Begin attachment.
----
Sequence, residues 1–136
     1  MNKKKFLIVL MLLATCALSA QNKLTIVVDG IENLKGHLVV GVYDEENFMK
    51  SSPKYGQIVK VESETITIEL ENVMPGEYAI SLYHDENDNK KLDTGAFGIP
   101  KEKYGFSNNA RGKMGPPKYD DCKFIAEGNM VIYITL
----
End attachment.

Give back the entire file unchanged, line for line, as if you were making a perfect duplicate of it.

Sequence, residues 1–136
     1  MNKKKFLIVL MLLATCALSA QNKLTIVVDG IENLKGHLVV GVYDEENFMK
    51  SSPKYGQIVK VESETITIEL ENVMPGEYAI SLYHDENDNK KLDTGAFGIP
   101  KEKYGFSNNA RGKMGPPKYD DCKFIAEGNM VIYITL